Monday, May 21, 2012

"The Big Guns of Fayette"

Unsurprisingly, histories of Texas units that spent the entire war garrisoning their state's coastline are rare. Published way back in 1965, Paul C. Boethel's The Big Guns of Fayette (Von Boeckmann-Jones) is the history of just such a group of men, Creuzbaur's Battery [a.k.a. Fifth Texas Field Battery, Welhausen's Battery].  Although the literature focuses nearly all of its attention on the struggles and victimization of German unionists in the Lone Star State, it is clear from Creuzbaur's almost entirely ethnic company roster that many German-Texans supported the Confederate cause. Originally intended as a heavy artillery unit for coastal defense when it was organized in 1861, the lack of suitable ordnance meant conversion to a four-gun light field battery [2 12-lbers (presumably howitzers) and 2 6-lbers].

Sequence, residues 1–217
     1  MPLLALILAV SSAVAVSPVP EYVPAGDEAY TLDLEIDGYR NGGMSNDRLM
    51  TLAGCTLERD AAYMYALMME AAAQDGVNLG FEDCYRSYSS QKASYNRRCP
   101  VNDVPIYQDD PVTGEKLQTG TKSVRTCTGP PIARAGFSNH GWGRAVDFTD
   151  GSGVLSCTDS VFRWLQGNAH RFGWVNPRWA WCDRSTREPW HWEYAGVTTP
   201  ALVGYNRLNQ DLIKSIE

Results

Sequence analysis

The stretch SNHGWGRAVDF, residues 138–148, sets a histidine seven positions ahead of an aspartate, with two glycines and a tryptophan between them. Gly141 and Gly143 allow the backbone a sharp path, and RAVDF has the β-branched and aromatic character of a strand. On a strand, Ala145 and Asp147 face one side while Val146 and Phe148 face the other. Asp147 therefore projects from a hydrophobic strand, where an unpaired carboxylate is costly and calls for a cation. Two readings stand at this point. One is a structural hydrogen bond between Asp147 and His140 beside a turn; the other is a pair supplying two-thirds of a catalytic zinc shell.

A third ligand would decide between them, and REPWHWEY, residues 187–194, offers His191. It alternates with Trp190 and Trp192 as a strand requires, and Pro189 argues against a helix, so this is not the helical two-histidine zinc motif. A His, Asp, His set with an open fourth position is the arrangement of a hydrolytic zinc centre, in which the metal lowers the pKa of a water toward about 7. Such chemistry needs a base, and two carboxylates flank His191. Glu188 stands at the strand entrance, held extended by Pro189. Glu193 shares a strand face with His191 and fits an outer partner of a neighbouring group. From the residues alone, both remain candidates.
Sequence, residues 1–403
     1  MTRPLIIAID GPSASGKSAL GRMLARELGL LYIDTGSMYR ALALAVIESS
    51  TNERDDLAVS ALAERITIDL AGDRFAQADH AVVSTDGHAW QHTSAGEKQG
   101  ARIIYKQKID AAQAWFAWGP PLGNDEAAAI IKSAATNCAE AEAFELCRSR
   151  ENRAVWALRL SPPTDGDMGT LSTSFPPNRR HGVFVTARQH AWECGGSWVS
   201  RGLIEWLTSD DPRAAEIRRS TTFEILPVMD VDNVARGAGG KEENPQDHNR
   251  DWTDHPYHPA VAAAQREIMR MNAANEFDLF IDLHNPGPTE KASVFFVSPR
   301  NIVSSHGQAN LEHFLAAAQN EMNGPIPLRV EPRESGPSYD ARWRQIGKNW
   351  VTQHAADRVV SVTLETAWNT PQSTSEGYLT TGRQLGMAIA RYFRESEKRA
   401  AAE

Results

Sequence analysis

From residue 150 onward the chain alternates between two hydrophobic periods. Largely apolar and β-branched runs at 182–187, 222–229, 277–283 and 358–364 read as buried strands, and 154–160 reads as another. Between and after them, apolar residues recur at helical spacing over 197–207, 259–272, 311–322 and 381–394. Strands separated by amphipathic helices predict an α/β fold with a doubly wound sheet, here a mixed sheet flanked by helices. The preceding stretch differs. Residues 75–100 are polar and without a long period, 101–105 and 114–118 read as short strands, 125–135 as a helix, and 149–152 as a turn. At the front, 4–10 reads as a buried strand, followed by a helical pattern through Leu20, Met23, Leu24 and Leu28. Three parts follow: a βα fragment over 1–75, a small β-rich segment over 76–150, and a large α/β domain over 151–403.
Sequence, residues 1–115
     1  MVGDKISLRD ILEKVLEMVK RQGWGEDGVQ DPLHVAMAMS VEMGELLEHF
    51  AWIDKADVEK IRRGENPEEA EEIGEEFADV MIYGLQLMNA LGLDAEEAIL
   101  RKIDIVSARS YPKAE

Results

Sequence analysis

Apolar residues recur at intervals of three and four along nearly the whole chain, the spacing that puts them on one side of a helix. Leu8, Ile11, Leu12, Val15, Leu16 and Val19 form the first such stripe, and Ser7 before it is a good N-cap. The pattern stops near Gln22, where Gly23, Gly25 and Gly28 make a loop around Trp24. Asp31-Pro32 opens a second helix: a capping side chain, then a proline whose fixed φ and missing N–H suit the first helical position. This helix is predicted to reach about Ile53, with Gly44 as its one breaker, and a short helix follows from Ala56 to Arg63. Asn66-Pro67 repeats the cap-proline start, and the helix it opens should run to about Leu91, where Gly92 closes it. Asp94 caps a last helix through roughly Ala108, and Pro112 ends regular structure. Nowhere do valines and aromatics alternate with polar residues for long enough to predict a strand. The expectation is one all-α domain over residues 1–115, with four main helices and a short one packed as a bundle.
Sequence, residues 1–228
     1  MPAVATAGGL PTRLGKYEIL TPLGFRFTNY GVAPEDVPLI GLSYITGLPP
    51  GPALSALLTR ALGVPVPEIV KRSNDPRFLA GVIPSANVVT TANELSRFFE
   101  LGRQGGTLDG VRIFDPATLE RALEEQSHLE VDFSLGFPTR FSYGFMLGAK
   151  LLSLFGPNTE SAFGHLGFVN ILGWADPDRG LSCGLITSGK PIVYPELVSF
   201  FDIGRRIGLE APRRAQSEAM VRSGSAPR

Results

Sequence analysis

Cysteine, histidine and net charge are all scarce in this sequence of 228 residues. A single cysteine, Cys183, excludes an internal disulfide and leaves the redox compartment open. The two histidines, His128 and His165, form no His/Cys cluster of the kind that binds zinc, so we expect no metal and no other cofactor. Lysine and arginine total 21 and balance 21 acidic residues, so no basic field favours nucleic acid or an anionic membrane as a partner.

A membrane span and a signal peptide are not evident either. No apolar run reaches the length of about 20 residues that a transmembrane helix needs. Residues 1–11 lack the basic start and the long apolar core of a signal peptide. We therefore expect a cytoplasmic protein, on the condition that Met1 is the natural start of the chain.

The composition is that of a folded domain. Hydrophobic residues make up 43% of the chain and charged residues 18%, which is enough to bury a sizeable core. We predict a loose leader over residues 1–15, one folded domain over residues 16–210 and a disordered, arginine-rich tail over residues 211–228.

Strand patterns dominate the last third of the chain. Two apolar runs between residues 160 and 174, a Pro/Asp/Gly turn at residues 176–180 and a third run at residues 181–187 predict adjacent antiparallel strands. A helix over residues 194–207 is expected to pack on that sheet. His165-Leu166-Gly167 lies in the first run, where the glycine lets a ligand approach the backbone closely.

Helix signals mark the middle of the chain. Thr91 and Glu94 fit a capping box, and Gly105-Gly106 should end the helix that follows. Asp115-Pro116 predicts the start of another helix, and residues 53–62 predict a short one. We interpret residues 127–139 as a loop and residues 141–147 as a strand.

From 1861-64, the unit drew garrison duty the length of the Texas coast as places like Liberty, Virginia Point, Galveston Island, Sandy Point, and Fort Mannahassett (Sabine Pass). The only real combat experienced by the men was at Calcasieu Pass (LA) in 1864, where the guns came under heavy fire (disabling two) but were nevertheless instrumental in forcing a pair of powerful Union gunboats (Granite City and Wave, mounting 14 cannon) to surrender. At only 69 pages, Boethel's narrative, based on a variety of primary and secondary source materials (but primarily on official documents), is brief, but it is strong on organizational and roster data. The chapter on Calcasieu Pass is judiciously written and suitably detailed, although a battle map would have been helpful. A trio of drawings indicate geographical points significant to the unit's service history as well as the locales where it was organized and trained.  The roster at the back of the book contains a good number of sizable mini-biographies.

The Big Guns of Fayette has aged rather well and is worth picking up [unfortunately, used copies offered on the secondary market currently run in the $200 range so ILL is a better bet]. In addition to providing useful coverage of military affairs on relatively obscure coastal fronts in the Trans-Mississippi, the book's portrait of an unusual Confederate unit should also arouse the interest of social historians interested in the multi-ethnic makeup of Civil War armies.

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